T & T Fall 2010 syllabus Sec 9

T & T Fall 2010 syllabus Sec 9 - Ed 0819 Tweens and...

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Ed 0819 Tweens and Teens Fall 2010 Sarah Arva Grosik Class time: MWF 2:00-2:50 Office: Ritter Hall 471 Classroom: RH 207 Office Hrs: MW 12:30-1:30 E-mail: sarah.grosik@temple.edu Phone/voice mail: (215) 204-2267 Course Description Exuberance, excitement, social expansion, risk-taking, experimentation, breaking away, testing limits. Anxiety, peer pressure, competition, parental pressure, work and school, drugs and alcohol, test scores. These are some of the challenges that make adolescence one of the most intriguing and disturbing stages of life. But adolescence is only one stage on a continuum of human development that begins in infancy and extends into old age. At each stage, we have hurdles to climb over, tasks to complete, experiences to absorb, lessons to learn. Yet in contemporary society the extended period between childhood and adulthood seems to capture all the attention. Why? This class on human development takes a close look at one of the most confusing, exciting, and critical phases of development, the pre-teen and teen years. Using literature, TV and film, as well as articles and books from the field of human development, the course will explore how children grow into teenagers, how they survive the challenges of adolescence, and how they become productive adults. Overview of the content This interdisciplinary course is designed to help students gain a deep understanding of adolescence as a life stage. Adolescence is defined in part as a transitional stage, bridging childhood and adulthood; but adolescence also functions as a distinctive time of life during which young people face a series of developmental tasks and challenges that do not automatically disappear when, for example, a person turns 25. Depending on individual circumstances, young people may confront some of the challenges commonly associated with adolescence much earlier or later than some developmental theorists predict. For example, some adolescents face adult tasks like parenting at a very young age, while others postpone closure on their ethnic or gender identity until later in life. For the purposes of this course, the period of adolescence (roughly ages 10-25) will incorporate the time during which many young people separate from their families and become autonomous, participate in independent relationships, develop their own set of values and beliefs, come to sexual maturity, and develop a sense of self related to their gender, ethnicity, race and class. The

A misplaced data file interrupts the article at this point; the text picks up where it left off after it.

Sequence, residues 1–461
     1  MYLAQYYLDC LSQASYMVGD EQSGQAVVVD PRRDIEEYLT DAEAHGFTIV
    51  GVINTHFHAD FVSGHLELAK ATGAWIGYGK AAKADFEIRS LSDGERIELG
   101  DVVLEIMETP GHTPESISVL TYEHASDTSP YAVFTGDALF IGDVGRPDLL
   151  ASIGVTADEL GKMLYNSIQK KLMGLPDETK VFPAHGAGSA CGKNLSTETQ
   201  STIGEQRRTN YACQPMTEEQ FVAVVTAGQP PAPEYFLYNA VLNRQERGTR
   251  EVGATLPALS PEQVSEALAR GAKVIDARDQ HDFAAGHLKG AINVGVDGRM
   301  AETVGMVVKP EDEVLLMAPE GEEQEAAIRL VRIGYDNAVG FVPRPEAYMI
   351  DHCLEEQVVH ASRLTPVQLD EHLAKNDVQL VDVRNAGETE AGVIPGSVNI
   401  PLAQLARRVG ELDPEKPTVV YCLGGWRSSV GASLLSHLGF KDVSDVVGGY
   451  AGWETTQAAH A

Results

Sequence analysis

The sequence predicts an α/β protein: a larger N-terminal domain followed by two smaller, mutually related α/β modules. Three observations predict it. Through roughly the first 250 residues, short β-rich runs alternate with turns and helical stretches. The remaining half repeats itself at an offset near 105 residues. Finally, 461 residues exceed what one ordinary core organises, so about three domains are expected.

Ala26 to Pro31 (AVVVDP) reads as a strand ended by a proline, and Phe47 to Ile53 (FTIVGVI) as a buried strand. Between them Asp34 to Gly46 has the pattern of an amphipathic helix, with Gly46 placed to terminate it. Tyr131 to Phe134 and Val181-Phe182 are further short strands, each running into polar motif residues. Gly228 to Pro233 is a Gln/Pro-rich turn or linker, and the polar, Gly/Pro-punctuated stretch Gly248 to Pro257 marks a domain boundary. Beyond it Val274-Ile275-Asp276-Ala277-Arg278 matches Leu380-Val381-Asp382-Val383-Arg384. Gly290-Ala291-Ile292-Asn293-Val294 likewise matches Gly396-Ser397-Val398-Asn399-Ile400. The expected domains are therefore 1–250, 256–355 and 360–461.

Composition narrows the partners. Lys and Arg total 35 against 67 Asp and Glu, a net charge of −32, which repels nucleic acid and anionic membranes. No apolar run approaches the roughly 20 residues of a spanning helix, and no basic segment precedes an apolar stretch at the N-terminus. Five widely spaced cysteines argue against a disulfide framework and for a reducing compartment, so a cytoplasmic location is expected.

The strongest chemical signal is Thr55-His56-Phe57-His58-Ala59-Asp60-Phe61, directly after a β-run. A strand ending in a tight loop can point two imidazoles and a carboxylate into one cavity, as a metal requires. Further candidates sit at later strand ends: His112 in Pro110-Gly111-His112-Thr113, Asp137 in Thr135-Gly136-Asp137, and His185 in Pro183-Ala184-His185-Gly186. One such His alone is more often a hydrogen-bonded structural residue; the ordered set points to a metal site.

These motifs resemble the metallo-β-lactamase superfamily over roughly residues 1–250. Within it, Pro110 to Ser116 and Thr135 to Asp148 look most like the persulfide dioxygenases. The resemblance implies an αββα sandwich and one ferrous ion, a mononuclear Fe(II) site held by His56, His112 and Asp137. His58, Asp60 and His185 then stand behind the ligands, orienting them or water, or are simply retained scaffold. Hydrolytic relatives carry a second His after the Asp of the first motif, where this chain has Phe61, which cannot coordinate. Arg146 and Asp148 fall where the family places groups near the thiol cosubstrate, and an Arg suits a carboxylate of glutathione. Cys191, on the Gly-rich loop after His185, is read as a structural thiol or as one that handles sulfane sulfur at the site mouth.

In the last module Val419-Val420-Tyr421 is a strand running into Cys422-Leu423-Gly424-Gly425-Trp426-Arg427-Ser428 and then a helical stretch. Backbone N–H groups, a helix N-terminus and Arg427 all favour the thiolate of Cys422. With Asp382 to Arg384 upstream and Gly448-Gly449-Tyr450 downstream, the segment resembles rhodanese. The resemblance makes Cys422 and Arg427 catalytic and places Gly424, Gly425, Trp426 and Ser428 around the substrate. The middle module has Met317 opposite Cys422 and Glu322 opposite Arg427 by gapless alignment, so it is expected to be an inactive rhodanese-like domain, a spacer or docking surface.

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course will look closely at the steps young people take as they form their identities and become increasingly independent and autonomous individuals. Approach to teaching and learning about adolescence There will be little delivery of material through lectures in this course. The instructor’s role will be to guide students’ interactions with the material and help them assimilate the material into their experience of adolescence in a way that enlightens both. The instructors will use rubrics, checklists, modeling of thinking strategies, examples from the readings, and case studies to
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T & T Fall 2010 syllabus Sec 9 - Ed 0819 Tweens and...

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